In the third model, we integrate the schedule design, fleet assignment, and aircraft maintenance routing decisions, while considering optional legs, itinerary-based demands, flexible flight retimings, recapture, and multiple fare-classes. Instead of utilizing the traditional time-space network (TSN), we formulate this model based on a flight network (FN) that provides greater flexibility in accommodating integrated operational considerations. In order to consider through-flights (i.e., a sequence of flight legs served by the same aircraft), we append a set of constraints that matches aircraft assignments on certain inbound legs into a station with that on appropriate outbound legs at the same station. Through-flights can generate greater revenue because passengers are willing to pay a premium for not having to change aircraft on connecting flights, thereby reducing the possibility of delays and missed baggage. In order to tighten the model representation and reduce its complexity, we apply the Reformulation-Linearization Technique (RLT) and also generate other classes of valid inequalities. In addition, since the model possesses many equivalent feasible solutions that can be obtained by simply reindexing the aircraft of the same type that depart from the same station, we introduce a set of suitable hierarchical symmetry-breaking constraints to enhance the model solvability by distinguishing among aircraft of the same type. For the resulting large-scale augmented model formulation, we design a Benders decomposition-based solution methodology and present extensive computational results to demonstrate the efficacy of the proposed approach. We explored four different algorithmic variants, among which the best performing procedure (Algorithm A1) adopted two sequential levels of Benders partitioning method. We then applied Algorithm A1 to perform several experiments to study the effects of different modeling features and algorithmic strategies. A summary of the results obtained is as follows. First, the case that accommodated both mandatory and optional through-flight leg pairs in the model based on their relative effects on demands and enhanced revenues achieved the most profitable strategy, with an estimated increase in expected annual profits of $2.4 million over the baseline case. Second, utilizing symmetry-breaking constraints in concert with compatible objective perturbation terms greatly enhanced problem solvability and thus promoted the detection of improved solutions, resulting in a $5.8 million increase in estimated annual profits over the baseline case. Third, in the experiment that considers recapture of spilled demand from primary itineraries to other compatible itineraries, the different penalty parameter values (100, 50, and 1 dollars per re-routed passenger) induced average respective proportions of 3.2%, 3.4%, and 3.7% in recaptured demand, resulting in additional estimated annual profits of $3.7 million, $3.8 million, and $4.0 million over the baseline case. Finally, incorporating the proposed valid inequalities within the model to tighten its representation helped reduce the computational effort by 11% on average, while achieving better solutions that yielded on average an increase in estimated annual profits of $1.4 million.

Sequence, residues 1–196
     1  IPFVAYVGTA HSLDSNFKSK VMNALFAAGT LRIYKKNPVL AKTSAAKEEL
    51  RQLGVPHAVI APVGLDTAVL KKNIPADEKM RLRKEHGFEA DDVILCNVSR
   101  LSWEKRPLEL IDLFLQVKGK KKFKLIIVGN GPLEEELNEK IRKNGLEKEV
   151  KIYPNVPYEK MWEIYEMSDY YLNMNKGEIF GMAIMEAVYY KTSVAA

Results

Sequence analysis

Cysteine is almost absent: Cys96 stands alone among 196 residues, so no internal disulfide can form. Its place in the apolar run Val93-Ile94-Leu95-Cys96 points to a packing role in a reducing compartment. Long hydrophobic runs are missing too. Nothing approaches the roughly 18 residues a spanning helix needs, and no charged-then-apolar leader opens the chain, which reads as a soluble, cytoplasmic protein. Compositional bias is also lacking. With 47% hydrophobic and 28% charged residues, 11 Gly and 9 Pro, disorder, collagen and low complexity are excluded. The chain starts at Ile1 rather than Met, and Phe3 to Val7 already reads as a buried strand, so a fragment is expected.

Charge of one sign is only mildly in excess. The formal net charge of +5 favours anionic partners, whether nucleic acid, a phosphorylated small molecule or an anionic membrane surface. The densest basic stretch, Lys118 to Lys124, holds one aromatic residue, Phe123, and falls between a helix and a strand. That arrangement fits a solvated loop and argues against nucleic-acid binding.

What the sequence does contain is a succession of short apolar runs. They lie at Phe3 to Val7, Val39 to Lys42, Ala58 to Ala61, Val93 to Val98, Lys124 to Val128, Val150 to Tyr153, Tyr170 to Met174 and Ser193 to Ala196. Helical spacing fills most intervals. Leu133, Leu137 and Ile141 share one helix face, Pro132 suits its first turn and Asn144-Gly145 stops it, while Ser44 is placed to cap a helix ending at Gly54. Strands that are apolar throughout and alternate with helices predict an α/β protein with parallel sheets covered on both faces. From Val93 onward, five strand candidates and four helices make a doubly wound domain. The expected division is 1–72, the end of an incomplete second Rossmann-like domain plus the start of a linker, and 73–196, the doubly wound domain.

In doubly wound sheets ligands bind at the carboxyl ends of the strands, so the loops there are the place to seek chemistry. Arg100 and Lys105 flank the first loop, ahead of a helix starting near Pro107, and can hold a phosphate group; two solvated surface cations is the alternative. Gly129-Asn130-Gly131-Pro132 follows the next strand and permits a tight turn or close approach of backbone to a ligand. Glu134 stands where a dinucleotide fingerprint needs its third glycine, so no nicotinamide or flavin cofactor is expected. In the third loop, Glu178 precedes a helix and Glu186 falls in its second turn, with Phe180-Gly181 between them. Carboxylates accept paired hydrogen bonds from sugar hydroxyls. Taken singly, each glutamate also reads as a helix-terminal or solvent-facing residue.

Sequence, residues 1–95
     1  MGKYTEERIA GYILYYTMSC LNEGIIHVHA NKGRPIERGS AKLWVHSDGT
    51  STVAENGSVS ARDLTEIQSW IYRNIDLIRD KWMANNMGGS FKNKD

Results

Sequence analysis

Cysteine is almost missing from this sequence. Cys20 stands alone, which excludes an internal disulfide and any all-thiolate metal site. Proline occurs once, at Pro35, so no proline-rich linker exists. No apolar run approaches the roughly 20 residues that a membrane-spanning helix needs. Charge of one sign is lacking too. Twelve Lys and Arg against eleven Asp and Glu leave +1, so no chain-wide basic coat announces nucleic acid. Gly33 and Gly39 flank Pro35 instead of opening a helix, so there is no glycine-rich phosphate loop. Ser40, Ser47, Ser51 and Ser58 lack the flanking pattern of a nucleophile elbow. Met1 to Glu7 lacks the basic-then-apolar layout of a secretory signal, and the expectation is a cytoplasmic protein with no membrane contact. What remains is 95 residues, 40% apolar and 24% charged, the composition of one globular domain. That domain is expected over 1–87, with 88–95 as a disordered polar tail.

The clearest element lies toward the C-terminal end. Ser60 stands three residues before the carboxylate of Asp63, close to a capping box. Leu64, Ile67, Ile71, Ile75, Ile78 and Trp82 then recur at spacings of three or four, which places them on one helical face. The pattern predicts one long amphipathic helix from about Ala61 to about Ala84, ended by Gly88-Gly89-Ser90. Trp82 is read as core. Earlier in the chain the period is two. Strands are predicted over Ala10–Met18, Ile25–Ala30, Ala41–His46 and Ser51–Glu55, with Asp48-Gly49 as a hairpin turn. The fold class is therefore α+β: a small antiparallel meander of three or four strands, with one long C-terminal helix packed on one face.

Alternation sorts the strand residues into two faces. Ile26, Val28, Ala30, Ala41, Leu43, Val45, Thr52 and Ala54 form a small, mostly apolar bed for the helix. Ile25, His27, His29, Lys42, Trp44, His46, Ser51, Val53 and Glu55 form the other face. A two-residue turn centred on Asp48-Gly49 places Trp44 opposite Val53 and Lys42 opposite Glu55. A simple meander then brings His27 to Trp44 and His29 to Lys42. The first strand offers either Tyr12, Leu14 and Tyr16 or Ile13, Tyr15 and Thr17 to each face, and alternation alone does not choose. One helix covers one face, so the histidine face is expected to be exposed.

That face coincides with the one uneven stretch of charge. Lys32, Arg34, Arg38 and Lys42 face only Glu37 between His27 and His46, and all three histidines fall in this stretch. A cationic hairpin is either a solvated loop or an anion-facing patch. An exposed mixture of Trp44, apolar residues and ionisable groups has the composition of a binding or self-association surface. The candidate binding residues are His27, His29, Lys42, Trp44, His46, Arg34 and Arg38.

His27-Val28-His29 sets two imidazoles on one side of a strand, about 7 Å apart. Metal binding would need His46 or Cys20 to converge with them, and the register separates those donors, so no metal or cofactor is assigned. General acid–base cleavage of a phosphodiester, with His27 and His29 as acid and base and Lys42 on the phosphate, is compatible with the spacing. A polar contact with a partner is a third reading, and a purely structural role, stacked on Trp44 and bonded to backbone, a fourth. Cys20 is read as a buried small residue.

In closing, we propose a fourth more comprehensive model in which the crew scheduling problem is additionally integrated with fleet assignment and aircraft routing. This integration is important for airlines because crew costs are the second largest component of airline operating expenses (after fuel costs), and the assignment and routing of aircraft plus the assignment of crews are two closely interacting components of the planning process. Since crews are qualified to typically serve a single aircraft family that is comprised of aircraft types having a common cockpit configuration and crew rating, the aircraft fleeting and routing decisions significantly impact the ensuing assignment of cockpit crews to flights. Therefore it is worthwhile to investigate new models and solution approaches for the integrated fleeting, aircraft routing, and crew scheduling problem, where all of these important inter-dependent processes are handled simultaneously, and where the model can directly accommodate various work rules such as imposing a specified minimum and maximum number of flying hours for crews on any given pairing, and a minimum number of departures at a given crew base for each fleet group. However, given that the crew scheduling problem itself is highly complex because of the restrictive work rules that must be heeded while constructing viable duties and pairings, the formulated integrated model would require further manipulation and enhancements along with the design of sophisticated algorithms to render it solvable. We therefore recommend this study for future research, and we hope that the modeling, analysis, and algorithmic development and implementation work performed in this dissertation will lend methodological insights into achieving further advances along these lines.